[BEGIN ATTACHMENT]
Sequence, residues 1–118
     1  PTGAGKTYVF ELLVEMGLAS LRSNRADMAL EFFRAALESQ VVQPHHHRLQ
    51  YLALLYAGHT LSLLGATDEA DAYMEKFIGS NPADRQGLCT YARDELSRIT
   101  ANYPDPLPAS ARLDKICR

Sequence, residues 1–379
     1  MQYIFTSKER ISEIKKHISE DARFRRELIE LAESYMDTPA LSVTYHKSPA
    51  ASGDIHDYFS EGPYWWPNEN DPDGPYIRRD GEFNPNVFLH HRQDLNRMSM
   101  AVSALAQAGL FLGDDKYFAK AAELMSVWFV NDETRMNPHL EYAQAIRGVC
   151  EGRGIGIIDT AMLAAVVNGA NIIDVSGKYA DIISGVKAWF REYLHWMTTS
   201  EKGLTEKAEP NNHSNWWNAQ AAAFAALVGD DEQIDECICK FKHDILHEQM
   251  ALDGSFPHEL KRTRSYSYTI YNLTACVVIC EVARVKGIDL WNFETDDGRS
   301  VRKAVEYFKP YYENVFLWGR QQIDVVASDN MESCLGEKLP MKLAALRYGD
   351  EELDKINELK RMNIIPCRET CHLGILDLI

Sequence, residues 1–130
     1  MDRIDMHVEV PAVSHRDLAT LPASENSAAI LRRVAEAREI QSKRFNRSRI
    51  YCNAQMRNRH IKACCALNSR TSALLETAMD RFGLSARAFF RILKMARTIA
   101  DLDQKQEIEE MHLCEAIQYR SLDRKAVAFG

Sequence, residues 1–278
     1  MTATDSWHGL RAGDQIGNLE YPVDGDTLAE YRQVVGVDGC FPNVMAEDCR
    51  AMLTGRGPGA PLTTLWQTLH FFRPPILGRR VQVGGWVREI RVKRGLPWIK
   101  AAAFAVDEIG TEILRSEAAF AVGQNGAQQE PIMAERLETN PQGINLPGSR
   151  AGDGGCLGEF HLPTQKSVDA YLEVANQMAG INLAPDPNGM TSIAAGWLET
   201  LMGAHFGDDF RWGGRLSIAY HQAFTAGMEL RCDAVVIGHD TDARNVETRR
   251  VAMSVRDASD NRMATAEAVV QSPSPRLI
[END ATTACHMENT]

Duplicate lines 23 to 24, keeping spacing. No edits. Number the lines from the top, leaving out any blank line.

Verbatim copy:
   201  LMGAHFGDDF RWGGRLSIAY HQAFTAGMEL RCDAVVIGHD TDARNVETRR
   251  VAMSVRDASD NRMATAEAVV QSPSPRLI